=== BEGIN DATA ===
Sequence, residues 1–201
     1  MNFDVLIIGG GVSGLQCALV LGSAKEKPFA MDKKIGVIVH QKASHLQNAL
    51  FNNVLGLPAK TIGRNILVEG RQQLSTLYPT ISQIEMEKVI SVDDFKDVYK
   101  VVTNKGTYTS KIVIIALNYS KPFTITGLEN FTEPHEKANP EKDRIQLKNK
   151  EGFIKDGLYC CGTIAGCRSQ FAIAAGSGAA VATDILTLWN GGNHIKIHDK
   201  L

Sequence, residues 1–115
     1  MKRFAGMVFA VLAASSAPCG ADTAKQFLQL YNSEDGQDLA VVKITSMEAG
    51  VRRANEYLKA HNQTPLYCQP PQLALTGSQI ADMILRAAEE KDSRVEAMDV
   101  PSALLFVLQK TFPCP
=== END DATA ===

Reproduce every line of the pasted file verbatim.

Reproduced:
Sequence, residues 1–201
     1  MNFDVLIIGG GVSGLQCALV LGSAKEKPFA MDKKIGVIVH QKASHLQNAL
    51  FNNVLGLPAK TIGRNILVEG RQQLSTLYPT ISQIEMEKVI SVDDFKDVYK
   101  VVTNKGTYTS KIVIIALNYS KPFTITGLEN FTEPHEKANP EKDRIQLKNK
   151  EGFIKDGLYC CGTIAGCRSQ FAIAAGSGAA VATDILTLWN GGNHIKIHDK
   201  L

Sequence, residues 1–115
     1  MKRFAGMVFA VLAASSAPCG ADTAKQFLQL YNSEDGQDLA VVKITSMEAG
    51  VRRANEYLKA HNQTPLYCQP PQLALTGSQI ADMILRAAEE KDSRVEAMDV
   101  PSALLFVLQK TFPCP